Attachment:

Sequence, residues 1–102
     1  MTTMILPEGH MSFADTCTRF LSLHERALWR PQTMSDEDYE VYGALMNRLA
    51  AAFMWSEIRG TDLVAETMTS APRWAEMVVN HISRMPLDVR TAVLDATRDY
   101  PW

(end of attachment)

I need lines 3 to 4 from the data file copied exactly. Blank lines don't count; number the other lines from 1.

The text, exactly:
    51  AAFMWSEIRG TDLVAETMTS APRWAEMVVN HISRMPLDVR TAVLDATRDY
   101  PW